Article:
On Women's Day, wandering down the Prospekt outside Kazan Cathedral and past Dom Knigi (the bookshop in which I'll happily spend 3 hours), I was given flowers by three separate men and nearly accepted a heart shaped balloon, only I realised that I had to take a bus back home by myself and regularly get completely lost, so I'd look a bit of an idiot standing at a random bus stop in the suburbs with my pink balloon, all alone. The gangsters who drove George away will probably know who I am, given that he is, more than likely given his svelte spy like physique, a top espionage expert and thus at the top of their most wanted list. I felt a pink floating heart would not aid my quest for inconspicuousness. So, balloonless, I marvelled at the number of restaurants offering free champagne for women all day and carried on about my business with my 3 flowers. Handy Tip: Odd numbers of flowers only, in Russia, unless they're for a funeral. Don't get it confused. That would be awkward.

Outside the Winter Palace and the Hermitage, period characters wander nonchalantly  around on the ice
Church of the Saviour on spilled blood - where Alexander II was killed
Some lovely soldiers on men's day, or, officially День защитника  Отечества (Den zaschitnika Otechestva) Defender of the Fatherland day.

I've been doing some touristy things and wandering round impossibly large galleries pretending to appreciate the technicalities of the art on display, taking crappy pictures on my phone because the one thing I forgot is the wire to connect my camera to the laptop, and ridiculously, there's no card reader on here. I could still take decent photos and then upload them all to marvel at forgotten memories once I'm done here, but I need fairly instant gratification because I have the attention span and perseverance of a turnip, so that's that out of the question. I've taken some spectacular falls in the ice but my marshmallow coat has provided decent protection and my fur hat has shielded me from almost certain brain damage when a spiky chunk of ice descended from the roof to connect with my head. Such love for my hat. Oh and occasionally I stop to watch people wandering all over the frozen rivers which separate Saint Petersburg into islands whilst eating a pirog.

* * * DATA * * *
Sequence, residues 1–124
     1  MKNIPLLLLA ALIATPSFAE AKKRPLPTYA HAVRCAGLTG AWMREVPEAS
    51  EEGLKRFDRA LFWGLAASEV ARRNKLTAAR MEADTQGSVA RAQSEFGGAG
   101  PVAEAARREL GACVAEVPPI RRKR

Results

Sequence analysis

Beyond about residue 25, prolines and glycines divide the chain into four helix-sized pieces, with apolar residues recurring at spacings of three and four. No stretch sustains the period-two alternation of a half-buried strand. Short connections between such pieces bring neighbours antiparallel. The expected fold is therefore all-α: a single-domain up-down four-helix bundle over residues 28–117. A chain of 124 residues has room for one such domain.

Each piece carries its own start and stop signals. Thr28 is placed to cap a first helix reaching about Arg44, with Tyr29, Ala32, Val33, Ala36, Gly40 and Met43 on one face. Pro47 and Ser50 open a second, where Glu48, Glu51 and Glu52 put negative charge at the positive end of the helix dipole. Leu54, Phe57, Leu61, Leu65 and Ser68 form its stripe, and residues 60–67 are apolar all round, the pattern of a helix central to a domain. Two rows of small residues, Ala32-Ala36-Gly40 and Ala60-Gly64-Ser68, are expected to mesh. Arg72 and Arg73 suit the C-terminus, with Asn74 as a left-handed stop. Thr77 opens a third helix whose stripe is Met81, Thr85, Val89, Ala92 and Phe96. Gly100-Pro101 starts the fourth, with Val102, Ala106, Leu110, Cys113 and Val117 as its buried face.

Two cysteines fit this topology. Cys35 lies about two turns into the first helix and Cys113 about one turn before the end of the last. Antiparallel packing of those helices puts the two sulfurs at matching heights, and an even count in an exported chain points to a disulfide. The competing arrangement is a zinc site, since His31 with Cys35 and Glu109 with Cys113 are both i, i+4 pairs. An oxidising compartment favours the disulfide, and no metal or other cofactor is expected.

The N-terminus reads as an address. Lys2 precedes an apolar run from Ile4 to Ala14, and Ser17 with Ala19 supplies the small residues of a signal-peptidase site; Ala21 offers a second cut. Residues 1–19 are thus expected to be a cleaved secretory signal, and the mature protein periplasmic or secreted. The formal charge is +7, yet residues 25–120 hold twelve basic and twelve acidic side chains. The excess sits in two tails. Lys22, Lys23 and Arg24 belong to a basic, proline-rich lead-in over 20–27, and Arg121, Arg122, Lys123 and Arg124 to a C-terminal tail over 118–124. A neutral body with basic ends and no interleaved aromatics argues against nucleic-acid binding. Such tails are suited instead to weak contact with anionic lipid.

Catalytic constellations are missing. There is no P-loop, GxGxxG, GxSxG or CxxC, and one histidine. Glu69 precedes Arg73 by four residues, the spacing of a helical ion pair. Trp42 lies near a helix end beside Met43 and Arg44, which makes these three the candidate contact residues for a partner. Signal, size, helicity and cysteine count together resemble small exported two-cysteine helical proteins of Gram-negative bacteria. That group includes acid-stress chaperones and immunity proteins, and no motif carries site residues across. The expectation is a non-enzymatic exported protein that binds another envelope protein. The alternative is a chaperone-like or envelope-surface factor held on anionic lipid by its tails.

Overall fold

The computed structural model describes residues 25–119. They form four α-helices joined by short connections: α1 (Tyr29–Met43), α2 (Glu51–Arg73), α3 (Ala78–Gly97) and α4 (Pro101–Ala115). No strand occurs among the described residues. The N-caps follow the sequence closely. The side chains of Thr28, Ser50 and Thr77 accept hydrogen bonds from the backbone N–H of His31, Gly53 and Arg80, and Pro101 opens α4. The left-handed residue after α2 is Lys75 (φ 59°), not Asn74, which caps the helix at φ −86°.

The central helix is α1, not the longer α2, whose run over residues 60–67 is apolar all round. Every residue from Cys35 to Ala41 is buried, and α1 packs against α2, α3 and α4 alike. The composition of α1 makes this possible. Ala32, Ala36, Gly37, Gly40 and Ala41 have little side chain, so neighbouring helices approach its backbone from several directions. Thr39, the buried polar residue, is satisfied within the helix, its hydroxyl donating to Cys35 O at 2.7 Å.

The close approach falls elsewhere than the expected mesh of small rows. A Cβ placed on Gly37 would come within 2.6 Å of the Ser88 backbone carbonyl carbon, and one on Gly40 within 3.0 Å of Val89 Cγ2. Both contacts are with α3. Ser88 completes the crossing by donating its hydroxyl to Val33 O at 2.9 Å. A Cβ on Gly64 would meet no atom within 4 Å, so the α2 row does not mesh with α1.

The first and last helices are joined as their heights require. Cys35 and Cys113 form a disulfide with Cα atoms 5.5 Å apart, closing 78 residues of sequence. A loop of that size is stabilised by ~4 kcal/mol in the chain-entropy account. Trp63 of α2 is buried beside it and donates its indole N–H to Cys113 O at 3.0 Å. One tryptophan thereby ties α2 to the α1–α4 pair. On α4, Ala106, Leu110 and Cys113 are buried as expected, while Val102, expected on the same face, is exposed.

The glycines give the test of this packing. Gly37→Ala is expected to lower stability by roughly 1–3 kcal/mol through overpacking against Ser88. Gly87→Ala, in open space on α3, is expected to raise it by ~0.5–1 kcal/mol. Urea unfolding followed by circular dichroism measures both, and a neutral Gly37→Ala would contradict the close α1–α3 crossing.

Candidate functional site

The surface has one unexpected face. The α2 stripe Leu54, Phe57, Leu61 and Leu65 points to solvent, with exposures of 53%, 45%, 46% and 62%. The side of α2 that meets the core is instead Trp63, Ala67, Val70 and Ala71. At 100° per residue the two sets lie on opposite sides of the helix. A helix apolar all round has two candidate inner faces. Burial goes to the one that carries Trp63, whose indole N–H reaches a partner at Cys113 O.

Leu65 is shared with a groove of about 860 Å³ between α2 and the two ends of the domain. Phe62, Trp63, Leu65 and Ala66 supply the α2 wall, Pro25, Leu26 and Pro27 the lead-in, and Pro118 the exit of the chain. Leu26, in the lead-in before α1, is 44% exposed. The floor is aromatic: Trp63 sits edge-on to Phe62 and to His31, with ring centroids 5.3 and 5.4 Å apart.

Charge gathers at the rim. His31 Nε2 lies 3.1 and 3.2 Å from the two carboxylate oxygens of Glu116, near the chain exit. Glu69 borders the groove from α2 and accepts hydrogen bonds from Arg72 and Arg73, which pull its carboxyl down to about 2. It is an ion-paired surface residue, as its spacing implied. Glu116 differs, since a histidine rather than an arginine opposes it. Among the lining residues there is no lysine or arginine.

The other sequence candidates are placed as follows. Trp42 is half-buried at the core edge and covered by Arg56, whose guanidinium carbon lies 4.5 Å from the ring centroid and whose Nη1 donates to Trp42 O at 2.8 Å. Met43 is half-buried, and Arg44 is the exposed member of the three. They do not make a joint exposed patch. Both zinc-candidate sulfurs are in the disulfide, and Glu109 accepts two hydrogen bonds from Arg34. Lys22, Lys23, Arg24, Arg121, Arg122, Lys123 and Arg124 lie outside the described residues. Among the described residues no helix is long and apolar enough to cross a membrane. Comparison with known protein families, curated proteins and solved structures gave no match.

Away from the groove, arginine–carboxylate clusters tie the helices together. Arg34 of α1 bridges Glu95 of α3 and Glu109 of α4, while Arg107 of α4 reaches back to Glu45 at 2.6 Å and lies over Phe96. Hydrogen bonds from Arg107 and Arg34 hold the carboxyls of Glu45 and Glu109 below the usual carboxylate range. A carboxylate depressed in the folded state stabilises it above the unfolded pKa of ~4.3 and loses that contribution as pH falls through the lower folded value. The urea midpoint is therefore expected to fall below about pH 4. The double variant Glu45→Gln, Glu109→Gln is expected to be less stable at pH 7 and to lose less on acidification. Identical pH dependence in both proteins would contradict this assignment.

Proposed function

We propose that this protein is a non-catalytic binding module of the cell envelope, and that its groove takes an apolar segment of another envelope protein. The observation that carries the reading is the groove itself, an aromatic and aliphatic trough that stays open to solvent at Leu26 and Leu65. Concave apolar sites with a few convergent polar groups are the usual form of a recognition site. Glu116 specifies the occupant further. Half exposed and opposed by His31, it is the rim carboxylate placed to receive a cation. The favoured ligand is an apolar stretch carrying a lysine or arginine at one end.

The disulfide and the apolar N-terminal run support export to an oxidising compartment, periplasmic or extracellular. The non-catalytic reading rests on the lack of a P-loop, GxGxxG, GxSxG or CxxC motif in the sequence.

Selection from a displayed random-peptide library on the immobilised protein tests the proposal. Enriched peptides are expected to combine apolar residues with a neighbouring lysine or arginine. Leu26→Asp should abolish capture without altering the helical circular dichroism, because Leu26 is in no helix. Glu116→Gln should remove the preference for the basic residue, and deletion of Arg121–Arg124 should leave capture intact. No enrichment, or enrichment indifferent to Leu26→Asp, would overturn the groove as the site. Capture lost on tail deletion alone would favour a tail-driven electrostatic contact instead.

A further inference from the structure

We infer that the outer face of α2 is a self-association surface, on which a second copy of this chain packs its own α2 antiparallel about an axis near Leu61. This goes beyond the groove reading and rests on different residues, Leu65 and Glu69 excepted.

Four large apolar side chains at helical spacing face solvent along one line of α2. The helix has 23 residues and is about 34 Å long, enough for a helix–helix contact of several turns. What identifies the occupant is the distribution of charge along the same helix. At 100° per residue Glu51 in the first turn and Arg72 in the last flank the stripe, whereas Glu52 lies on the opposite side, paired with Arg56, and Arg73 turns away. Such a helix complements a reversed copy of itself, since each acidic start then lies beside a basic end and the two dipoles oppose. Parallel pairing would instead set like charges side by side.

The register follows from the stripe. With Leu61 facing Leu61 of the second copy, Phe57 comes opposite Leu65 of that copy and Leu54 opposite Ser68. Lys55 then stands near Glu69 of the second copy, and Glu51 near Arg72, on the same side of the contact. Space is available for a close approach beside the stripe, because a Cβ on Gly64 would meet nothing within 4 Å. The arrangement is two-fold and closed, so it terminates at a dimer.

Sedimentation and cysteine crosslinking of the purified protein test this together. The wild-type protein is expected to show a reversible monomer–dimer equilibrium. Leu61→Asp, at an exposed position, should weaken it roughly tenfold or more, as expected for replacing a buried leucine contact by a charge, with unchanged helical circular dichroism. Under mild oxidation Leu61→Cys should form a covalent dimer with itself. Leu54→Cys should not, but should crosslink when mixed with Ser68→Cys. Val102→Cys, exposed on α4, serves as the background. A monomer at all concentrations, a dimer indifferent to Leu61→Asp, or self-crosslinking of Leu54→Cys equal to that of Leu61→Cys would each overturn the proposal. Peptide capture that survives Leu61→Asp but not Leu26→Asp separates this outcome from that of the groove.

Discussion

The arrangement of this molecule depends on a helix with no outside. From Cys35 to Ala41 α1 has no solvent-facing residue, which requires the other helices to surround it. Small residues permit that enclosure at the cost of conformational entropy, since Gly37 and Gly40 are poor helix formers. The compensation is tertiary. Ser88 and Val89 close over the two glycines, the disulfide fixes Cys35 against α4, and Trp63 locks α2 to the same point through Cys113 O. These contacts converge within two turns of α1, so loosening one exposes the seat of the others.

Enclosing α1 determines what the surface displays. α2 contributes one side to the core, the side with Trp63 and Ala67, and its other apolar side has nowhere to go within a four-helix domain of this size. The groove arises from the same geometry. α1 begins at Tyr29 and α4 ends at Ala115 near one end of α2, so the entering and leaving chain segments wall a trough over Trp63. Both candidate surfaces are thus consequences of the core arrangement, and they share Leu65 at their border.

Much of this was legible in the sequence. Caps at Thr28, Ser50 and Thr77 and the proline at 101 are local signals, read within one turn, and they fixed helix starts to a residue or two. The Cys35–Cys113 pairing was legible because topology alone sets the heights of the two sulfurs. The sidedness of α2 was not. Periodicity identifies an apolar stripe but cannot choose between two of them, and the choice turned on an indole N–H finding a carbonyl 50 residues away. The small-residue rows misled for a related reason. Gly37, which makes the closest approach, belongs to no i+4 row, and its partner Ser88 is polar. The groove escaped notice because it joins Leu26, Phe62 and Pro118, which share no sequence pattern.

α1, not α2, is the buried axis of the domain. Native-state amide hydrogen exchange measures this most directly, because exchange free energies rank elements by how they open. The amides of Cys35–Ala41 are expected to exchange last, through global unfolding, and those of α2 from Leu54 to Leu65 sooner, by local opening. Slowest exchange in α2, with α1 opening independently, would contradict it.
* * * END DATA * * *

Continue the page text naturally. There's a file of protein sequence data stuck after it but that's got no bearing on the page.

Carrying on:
On the bank of the Neva, outside Peter and Paul Fortress....that's a river behind us. We could have walked across, but chose the safer, firmer option of the road.

So yes. It's a fairly decent existence here so far. I've discovered it takes no more than 2 Russian beers for me to feel thoroughly drunk, but I can counter that with a brisk walk in -13 night air. I'm having some nasty spikes of neuralgia and seem to be getting exhausted pretty quickly, but there's already a doctor's visit on the cards, so that will be another little adventure! Now, if you'll excuse me, I have some malteasers I must attend to while watching Russia's eurovision entry. Flights to Azerbaijan are looking pretty damned tempting just now...

Бурановские Бабушки

 (Buranovskie Babushki! Singing in Udmurt to raise money for a church in their village and now in eurovision )

And if that has whetted your appetite.....

and for the Eagles fans out there:

Friday, 2 March 2012

Saint Petersburg: The arrival

So, skimming over the true trauma that was home, a week or so before I was due to come to Saint Petersburg, I decided it was probably time to get my visa properly sorted. No excuse this time for being so late, I just didn't want to come back to Russia. Not because I like home, you understand, but because Russia is hard work and I just didn't have it in me to be bothered with it all. Except of course, I didn't have a choice. So I paid for next day processing on my visa and collected my roubles, packed everything up smarter than last time - learnt what I need and what I don't, mostly - and on the 18th of February, after a pretty decent night's sleep this time round, my lovely Padre drove me to Heathrow.
I don't like Terminal 5. It's poorly signposted and I spent a ridiculous amount of time frantically looking for my friend who had disappeared in the swarming mass that was security as our gate was closing the first time I flew to Russia from there. Note: No matter how well hidden your multipack of capri suns and oversized mosquito repellent are in your hand luggage, you are NOT going to get through Heathrow's security. I was panicking that I wouldn't get through security because of the size of my hand luggage or that I'd left liquids in there, because no way would that rucksack close again once it was opened. However,  no such trauma took place, and I was simply left snivelling to myself as I left my Dad to go through the barriers back to misery for 5 months. I think I was feeling a little bit on the vulnerable side...